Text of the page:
[v] Park wrote this in a letter to Dick Teresi in 2001. Teresi replies to this in the following words, “On the other hand, neither the ancient Indians nor Democritus derived their ideas from experiments, and in that sense, we could dismiss both as philosophy rather than science. Or we could be more catholic and accept that two different ancient cultures came to similar conclusions about the world.” ( Teresi, p. 211.)
[vi] Teresi, p. 211-12.
[viii] Teresi, p. 212.
[ix] Jacobi, H.; Atomic Theory in Indian Thought, (First published in Encyclopaedia of Religion and ethics, ed. Hastings, J. and T.T. Clark, Edinburgh, 1908. Vol. Ii, pp. 199-202). Reprinted in ‘Studies in the History of Science in India’, Vol. I, Ed. Chattopadhyaya, Debiprasad; Asha Jyoti, New Delhi, 1992. p. 30.
[x] Jacobi, p. 30; and Basham, p. 497.
[xi] Jacobi, p. 30; and Basham, p. 497.
[xii] Jacobi, p. 26.
[xiii] Chandogya Upanishad, 6.2.3-4. By now we know that energy condenses to form fundamental particles which lead to formation of hydrogen atom which later gives origin to other material substances. Hydrogen has been often referred to as water in ancient Indian cosmological vocabulary.
[xiv] Chandogya Upanishad, 3.13.7.
[xv] Teresi, p. 212.
[xvi] Jacobi, op. cit., p. 26.
[xvii] Vyasa, Yoga-Bhashya, II.19; IV.14; Also see Vijnanabhikshu, Samkhya-pravachana-bhashya, I.62 and Yoga-vartika, III.40. Referred by Ray, Priyadaranjana, Chemistry in Ancient and Medieval India, in The Cultural Heritage of India, Vol. VI, op. cit., p. 138.
[xviii] Jain, N.L., ‘Chemical Theories of the Jains’, in Henry M. Leicester (Ed.), Chymia: Annual Studies in the History of Chemistry, University of Pennsylvania Press, Philadelphia, 1966. 11:13. p. 14-16.
[xix] Hill and Kolb, Chemistry for Changing Times, p. 48.
[xx] Jaicobi, H.; Atomic Theory in Indian Thought, Encyclopaedia of Religion and Ethics, Ed. Hastings, J., Clark, T.T., Edinburgh, 1908. Vol ii, pp. 199-202. Reprinted in ‘Studies in the History of Science in India’, Vol. 1, Ed. Chattopadhyaya, Debiprasad; Asha Jyoti, New Delhi, 1992. p. 24.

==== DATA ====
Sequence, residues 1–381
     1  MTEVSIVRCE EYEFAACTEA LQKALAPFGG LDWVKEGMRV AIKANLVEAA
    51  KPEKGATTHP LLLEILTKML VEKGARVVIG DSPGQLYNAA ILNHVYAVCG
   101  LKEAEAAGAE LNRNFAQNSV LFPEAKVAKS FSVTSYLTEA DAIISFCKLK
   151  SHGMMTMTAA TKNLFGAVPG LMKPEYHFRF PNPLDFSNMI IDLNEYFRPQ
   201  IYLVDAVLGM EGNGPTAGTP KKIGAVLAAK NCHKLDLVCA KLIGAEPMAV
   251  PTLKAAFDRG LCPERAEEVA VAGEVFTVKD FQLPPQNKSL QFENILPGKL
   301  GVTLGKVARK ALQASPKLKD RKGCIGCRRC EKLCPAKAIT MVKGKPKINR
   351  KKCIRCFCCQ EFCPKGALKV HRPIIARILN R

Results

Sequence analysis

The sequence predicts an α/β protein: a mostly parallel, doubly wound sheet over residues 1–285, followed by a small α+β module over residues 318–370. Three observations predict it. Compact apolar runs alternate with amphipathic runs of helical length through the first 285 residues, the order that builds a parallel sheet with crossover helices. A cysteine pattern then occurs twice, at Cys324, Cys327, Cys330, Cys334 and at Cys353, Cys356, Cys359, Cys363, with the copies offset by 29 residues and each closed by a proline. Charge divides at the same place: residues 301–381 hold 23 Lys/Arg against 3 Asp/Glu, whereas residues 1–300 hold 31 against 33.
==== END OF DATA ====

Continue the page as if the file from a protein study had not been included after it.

[xxi] Jain, N.L., ‘Chemical Theories of the Jains’, in Henry M. Leicester (Ed.), Chymia: Annual Studies in the History of Chemistry, University of Pennsylvania Press, Philadelphia, 1966. 11:13. p. 11-13.
[xxiii] Teresi, p. 215.
[xxv] Teresi, p. 214.
[xxvi] Teresi, p. 309.
[xxviii] Teresi, p. 214-15.
[xxix] Teresi, p. 215.
[xxx] Teresi, p. 215.
[xxxi] Vachaspati Mishra discusses about how location of a point in space can be described by the three axes. Described by Seal, B.N.; The Positive Sciences of the Ancient Hindus, Delhi, 1958. p. 129.
[xxxii] Teresi, p. 310.
[xxxiv] Teresi, op. cit., p. 215-16.
[xxxvi] Basham, A.L., op. cit., p. 497.
[xxxvii] Teresi, p. 216.
[xl] Teresi, p. 217.
[xli] Stillman, The Story of Alchemy, pp. 105-111.
[xlii] Vijnanabhikshu, Yoga-vartika, III.40.
[xlvi] Ray, P.C., op. cit., p.7,8.
[xlvii] Teresi, p. 218.
[xlviii] Vaisheshika Sutra, iv.1.1-4.
[xlix] Vaisheshika Sutra, iv.1.5.
[l] Jacobi, p. 27.
[li] Vaisheshika Sutra, iv.1.6.
[liv] Jacobi, p. 27.
[lv] Jacobi, p. 29-30.
[lvi] “Tadabhave samyogabhvopradurbhavashcha mokshah.”Vaisheshika darshanam, 5.2.18; also see Vardhaman nyaya-lilavati-prakasha, p.17, Chaukhambha. Nyayalilavati, p. 16 and Nyayavartika p. 11.
[lvii] Teresi, op. cit., p. 280.
[lviii] Teresi, p. 279.
Also, “Sarva khalvidam brahma”, Chandogya Upanishad, 3.14.1.
[lxii] Today, unfortunately chaitanya is translated as intelligence or consciousness by many authors, which is wrong. After the fall of tradition of science in India, the words chit and chaitanya became associated with mind because of the so-called fast speed of mind. But earlier analysis by the more ancients had indicated that mind is in fact jada or inert. Hence it cannot be associated with chaitanya or spontaneous activity. Consciousness and intelligence being properties of mind are inapplicable to any other thing. Hence use of word intelligence or consciousness to mean chaitanya is wrong.
[lxiii] The Brahman has been called Sat-chit-ananda. Sat means existence, which is eternal. Cit stands for spontaneous activity, and ananada represents the musical vibration. Hence the phrase sat-chit-ananda means eternal existence with spontaneous rhythmic movement, which is in fact the characteristic feature of the ‘string’. –Author.
[lxiv] Teresi, p. 213.
[lxv] Rig Veda, 10.121.1; 10.72 and 10.190.
[lxvi] Rig Veda, 1.121.2 (Griffith translation).
[lxvii] Brihadaranyaka Upanishad, 2.3.2.
[lxix] Mundaka Upanishad, 2.2.9.